Calculating Coverage Using CIGAR String
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4
Entering edit mode
5.6 years ago

I'm using the equation

Num_Reads * Avg_Read_Length / Genome Size


To calculate coverage. Here are my questions

1. Should I only consider mapped bases in the Query to calculate the read length? Specifically, M,= tags in the CIGAR string? For example, if a read has 60M10S for a CIGAR string, would the read length be 60 since 10 were not aligned properly?

2. Given 1. why is it that my calculation of coverage differs from samtools mpileup? Wouldn't the average of column 4 in mpileup output equal the average coverage?

Thanks for any help.

samtools bamtools coverage • 2.6k views
7
Entering edit mode
5.6 years ago

1) yes M , = and even X

2) yes , ignore the clip

3) did you consider some options like:

  -Q, --min-BQ INT        skip bases with baseQ/BAQ smaller than INT [13]
[UNMAP,SECONDARY,QCFAIL,DUP]


what's the output of samtools depth

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Entering edit mode

Edit: Fixed it :) Thanks for the response. I'm using Bamtools API for C++ (and learning C++). Here's my code

#include "api/BamMultiReader.h"
#include "api/BamWriter.h"
#include <string>
#include <vector>
#include <iostream>
#include <numeric>
using namespace BamTools;
using namespace std;
int main(int argc, char *argv[])
{
vector<string> inBAM;
string ifh = string(argv[1]);
inBAM.push_back(ifh);
cerr << "ERROR: " << ifh << " could not be opened!" << endl;
return 1;
}
BamAlignment al;
const int start=14990508; // This is the first position in my sample given mpileup (converted to 0 base)
const int end=15118428; // This is the last position in my sample given mpileup
double cov=0;
vector<int> lens;
if(al.MapQuality < 10 || al.IsDuplicate()==true || al.IsFailedQC()==true || al.IsMapped()==false || al.IsPrimaryAlignment()==false)
{ continue; }
int rlen=0;
vector<CigarOp> cigar = al.CigarData;
for(vector<CigarOp>::iterator it= cigar.begin(); it != cigar.end(); ++it)
{
if (it->Type == 'M' || it->Type == '=' || it->Type== 'X') {
rlen+=it->Length;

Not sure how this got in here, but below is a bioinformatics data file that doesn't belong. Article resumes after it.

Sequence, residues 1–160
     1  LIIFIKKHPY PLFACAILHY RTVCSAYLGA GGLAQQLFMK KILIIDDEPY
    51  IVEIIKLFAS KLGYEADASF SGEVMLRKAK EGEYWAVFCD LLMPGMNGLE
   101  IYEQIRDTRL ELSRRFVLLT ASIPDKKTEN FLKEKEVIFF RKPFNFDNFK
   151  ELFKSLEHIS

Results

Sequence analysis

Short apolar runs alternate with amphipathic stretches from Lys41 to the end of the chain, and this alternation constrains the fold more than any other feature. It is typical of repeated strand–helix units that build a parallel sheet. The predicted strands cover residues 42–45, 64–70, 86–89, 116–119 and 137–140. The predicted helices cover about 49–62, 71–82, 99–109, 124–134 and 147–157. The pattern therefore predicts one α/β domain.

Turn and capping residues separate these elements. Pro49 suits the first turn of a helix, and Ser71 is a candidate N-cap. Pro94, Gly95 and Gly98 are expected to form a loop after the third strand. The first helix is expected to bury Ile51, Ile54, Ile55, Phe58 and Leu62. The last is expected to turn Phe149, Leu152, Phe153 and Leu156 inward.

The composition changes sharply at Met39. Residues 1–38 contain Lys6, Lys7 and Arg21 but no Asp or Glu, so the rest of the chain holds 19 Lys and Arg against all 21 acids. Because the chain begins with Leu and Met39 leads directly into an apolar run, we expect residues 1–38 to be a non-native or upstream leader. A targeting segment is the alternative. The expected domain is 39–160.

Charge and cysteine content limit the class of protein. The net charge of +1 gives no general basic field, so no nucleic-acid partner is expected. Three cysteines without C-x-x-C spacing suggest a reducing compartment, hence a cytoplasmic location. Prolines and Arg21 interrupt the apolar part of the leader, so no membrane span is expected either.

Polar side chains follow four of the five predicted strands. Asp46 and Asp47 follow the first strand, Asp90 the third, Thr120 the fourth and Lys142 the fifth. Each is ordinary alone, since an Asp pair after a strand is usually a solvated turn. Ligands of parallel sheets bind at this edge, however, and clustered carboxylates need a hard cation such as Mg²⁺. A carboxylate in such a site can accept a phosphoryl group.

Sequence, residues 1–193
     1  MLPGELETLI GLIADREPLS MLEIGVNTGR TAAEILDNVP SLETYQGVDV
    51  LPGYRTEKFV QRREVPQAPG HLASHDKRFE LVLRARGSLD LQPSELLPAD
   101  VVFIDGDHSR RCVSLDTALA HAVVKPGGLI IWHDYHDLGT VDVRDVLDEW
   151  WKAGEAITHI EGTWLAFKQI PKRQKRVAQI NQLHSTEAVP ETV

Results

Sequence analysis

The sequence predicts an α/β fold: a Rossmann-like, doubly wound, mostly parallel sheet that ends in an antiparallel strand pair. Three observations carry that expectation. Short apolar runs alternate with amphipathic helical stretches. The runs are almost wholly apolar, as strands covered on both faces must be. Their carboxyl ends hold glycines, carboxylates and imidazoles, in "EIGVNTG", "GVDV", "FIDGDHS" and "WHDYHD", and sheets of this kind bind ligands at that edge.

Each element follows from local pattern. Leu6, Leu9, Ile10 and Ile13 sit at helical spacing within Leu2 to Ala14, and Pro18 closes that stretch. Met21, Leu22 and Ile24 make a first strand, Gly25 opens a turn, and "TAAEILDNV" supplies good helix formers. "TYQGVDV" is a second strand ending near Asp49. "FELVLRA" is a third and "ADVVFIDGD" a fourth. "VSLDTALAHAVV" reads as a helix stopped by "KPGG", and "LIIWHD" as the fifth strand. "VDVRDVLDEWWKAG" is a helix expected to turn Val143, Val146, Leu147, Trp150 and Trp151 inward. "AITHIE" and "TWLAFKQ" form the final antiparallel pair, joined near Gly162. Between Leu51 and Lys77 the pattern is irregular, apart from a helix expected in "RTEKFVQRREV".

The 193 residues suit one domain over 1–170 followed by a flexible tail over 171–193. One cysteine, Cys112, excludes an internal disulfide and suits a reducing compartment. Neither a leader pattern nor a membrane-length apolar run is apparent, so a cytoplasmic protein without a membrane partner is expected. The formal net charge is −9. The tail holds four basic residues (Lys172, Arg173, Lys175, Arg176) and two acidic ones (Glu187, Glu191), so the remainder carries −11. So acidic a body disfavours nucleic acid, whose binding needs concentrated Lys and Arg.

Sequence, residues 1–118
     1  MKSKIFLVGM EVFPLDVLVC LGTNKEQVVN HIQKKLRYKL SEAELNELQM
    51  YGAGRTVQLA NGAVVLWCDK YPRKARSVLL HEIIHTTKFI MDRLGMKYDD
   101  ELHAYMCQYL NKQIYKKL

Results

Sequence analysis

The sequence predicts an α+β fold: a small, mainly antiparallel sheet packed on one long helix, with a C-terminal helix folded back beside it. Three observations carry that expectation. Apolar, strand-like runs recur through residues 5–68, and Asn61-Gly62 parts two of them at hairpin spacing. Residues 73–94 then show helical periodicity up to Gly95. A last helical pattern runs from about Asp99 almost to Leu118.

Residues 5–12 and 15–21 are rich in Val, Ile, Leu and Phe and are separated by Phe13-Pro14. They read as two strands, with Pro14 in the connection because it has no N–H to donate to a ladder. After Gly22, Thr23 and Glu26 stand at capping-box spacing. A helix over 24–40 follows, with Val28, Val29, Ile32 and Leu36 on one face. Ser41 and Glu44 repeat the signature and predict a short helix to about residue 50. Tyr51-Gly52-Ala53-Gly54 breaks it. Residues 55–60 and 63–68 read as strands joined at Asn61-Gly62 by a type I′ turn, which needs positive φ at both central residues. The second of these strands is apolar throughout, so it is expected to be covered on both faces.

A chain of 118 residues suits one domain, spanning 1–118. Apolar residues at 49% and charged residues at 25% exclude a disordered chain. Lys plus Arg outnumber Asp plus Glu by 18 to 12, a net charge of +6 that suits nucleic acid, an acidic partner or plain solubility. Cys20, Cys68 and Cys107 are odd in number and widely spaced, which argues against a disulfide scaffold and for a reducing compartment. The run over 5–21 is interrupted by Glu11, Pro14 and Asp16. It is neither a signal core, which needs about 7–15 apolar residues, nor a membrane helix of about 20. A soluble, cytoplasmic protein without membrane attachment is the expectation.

}
}
lens.push_back(rlen);
}
float avg = accumulate (lens.begin(),lens.end(), 0.0)/ lens.size();
cout << "NREADS: " << nreads << " AVG_READLEN: " << avg << " RANGE: " << end-start << endl;
cout << cov << endl;
return 0;
}


Here's the output

Here's my samtools mpileup command

 samtools mpileup -A -B -q 10 -Q 0 test.bam | cut -f 4 >tmp


And when I take the average of tmp it's 9.52

Initially before I included some of the flags for mpileup that you recommended I got a value of 4.5X. So this is closer to what mpileup reports

Not sure as to why I'm getting different results.

Edit: samtools depth

I forgot about samtools depth. It's a strong tool.

samtools depth -a -r 1:14990509-15118429 -q 0 -Q 10 test.bam | cut -f 3 >tmp1


The mean of tmp1 is

8.51

Which is the same as the C++ code. So solved! Thanks for helping me learn C++.

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Entering edit mode

float avg = accumulate (lens.begin(),lens.end(), 0.0)/ lens.size();


why don't you calculate the real coverage at each position of the interval ?

2
Entering edit mode

I edited the response above.

To answer your question, my goal is to calculate coverage for each chromosome without interrogating each position. As an exercise, I wanted to calculate coverage of an interval (eventually a chromosome) by iterating each read mapped to that region.

Would calculating the coverage for each position be faster than iterating through mapped reads?

3
Entering edit mode

Why don't you remove vector<int> lens and instead have int total=0; and total+=it->Length() inside the loop and cov = total*1.0/(end-start+1)?

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Entering edit mode

That's a great idea. I will try that out!